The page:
The Red Cliff


The Red Cliff is part of the moraine of the ice cap from the Saale - ice age. This moraine runs from Texel to Wieringen, by way of the Gaasterland cliffs via Urk, Schokland and Vollenhove to the east. The Red Cliff lies at 10 meters above Amsterdam Ordnance Datum and consists of reddish loam. Only a part of the original cliff bas remained. In the past its southern part was bare and rose from the sea like a " red cliff". The height of the cliff and its colour appealed to the imagination. It was said it to be a dormant volcano belching fire in ancient times. In days of old the cliff was said to have burnt, extinguished with sacrifices made to the God Stavo.

The Frisian Freedom
To the Frisians personal and political freedom is one the most important values. In the Middle Ages this craving for freedom grew into bitter resistance against the feudal system. The Frisians developed an ideology of their own. That is the reason why the Frisians refused to acknowledge any authority except the Roman – German Emperor. Though this ideology was challenged as early as the Middle Ages, it persisted till 1498. Not only in the period of the Republic, but also in present-day The Netherlands, this Frisian ideal of freedom has been kept alive.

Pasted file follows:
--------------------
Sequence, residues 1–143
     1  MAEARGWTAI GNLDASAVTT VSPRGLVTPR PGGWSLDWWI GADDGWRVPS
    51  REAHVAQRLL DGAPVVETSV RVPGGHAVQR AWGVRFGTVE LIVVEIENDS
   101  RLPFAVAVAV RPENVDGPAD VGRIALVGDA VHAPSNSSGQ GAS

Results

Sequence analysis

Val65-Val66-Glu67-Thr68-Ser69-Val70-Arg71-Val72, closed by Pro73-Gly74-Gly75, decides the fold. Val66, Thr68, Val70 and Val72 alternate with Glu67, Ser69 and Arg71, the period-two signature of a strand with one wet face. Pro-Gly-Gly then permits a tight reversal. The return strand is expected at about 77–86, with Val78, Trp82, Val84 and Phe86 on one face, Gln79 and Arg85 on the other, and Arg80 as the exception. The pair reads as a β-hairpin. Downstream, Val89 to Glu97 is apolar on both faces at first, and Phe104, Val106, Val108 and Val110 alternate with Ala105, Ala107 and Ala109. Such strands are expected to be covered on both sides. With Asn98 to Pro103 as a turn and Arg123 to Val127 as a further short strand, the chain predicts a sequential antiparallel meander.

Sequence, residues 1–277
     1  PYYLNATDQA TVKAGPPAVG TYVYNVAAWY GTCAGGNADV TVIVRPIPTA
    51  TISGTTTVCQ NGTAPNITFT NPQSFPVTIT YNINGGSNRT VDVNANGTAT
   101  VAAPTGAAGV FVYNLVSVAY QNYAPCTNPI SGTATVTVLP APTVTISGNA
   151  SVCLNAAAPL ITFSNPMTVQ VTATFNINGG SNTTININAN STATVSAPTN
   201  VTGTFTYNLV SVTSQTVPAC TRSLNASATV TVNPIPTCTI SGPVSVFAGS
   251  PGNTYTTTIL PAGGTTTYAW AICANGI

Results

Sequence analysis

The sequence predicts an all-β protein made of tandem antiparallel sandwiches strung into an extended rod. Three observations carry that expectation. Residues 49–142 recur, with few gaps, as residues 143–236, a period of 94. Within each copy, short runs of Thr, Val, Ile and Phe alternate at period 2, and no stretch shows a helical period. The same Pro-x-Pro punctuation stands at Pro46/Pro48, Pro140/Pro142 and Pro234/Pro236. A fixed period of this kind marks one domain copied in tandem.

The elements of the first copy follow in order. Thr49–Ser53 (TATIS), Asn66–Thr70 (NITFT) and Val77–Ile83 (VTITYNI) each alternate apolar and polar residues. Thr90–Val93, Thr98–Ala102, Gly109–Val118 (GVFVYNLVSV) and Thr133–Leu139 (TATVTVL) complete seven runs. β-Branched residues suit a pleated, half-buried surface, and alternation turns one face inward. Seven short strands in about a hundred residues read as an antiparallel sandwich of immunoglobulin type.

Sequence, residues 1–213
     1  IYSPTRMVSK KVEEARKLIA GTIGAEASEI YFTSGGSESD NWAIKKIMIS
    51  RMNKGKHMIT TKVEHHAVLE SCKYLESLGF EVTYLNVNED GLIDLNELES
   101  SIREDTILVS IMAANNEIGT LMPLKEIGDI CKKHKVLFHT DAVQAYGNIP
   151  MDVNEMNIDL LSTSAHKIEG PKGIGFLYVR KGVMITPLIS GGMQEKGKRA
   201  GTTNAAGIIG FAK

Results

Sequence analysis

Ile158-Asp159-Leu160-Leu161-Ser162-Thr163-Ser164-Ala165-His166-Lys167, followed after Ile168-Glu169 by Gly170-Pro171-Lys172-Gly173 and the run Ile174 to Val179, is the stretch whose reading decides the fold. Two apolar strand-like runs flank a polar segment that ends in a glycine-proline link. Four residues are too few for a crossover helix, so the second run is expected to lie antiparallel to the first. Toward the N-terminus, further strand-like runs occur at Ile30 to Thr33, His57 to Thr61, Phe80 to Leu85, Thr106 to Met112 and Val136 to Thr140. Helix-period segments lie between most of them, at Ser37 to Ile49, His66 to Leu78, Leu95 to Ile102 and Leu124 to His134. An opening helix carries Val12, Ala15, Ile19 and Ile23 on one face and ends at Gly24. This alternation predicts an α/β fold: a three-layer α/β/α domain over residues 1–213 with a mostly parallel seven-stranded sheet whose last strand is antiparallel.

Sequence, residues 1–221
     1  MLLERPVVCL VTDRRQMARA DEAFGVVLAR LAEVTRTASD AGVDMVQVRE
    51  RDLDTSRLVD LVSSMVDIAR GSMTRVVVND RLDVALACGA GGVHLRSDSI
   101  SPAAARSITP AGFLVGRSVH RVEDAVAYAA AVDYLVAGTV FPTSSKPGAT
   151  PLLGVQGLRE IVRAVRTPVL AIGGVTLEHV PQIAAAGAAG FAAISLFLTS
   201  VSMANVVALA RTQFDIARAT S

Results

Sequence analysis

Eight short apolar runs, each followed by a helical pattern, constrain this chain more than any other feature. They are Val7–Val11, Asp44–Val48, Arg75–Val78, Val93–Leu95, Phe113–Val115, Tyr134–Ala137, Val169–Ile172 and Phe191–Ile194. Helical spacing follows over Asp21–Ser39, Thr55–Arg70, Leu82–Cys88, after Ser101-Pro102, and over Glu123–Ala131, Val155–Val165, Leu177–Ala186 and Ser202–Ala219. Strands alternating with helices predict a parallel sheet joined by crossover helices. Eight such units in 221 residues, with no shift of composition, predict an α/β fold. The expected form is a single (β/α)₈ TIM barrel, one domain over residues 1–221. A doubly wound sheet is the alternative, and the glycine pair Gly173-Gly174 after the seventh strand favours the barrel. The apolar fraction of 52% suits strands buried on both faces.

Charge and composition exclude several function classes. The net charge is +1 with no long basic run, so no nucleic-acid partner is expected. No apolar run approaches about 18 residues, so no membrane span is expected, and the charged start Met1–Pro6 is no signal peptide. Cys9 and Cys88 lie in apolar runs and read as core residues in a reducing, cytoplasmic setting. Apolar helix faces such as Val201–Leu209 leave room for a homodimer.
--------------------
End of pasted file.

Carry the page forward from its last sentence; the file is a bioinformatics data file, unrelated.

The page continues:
The Battle
During the Middle Ages the Frisian autonomy was constantly attacked. Secular and religious rulers continued to lay claims on the "Seven Frisian Sealands". The battle appealing to the imagination most was that of young Count William's IV of Holland and Hainaut who advanced on 26 September 1345. The Count was an experienced crusader and some towns from the County of Holland supported the adventure. His army sailed from West - Friesland to Stavoren. The Frisians managed to crush the noblemen and even William IV was killed. The Frisians regarded Saint Mary as their heavenly patroness and for that reason September 26 became the ‘Frisian Our Lady Day’ The victory resulted in the Frisians keeping their independence another 150 years.

The Commemoration
In the 20th century the Frisian Movement tried to find a symbolic spot to annually commemorate their fight for language and culture. After World War II the struggles for freedom in 1345 and 1945 were linked up with each other. Since 1945 the Red Cliff bas been the place where the Frisians commemorate their age-long struggle annually and also represents a commemorative spot as part of the fight for the rights of people and peoples in the entire world.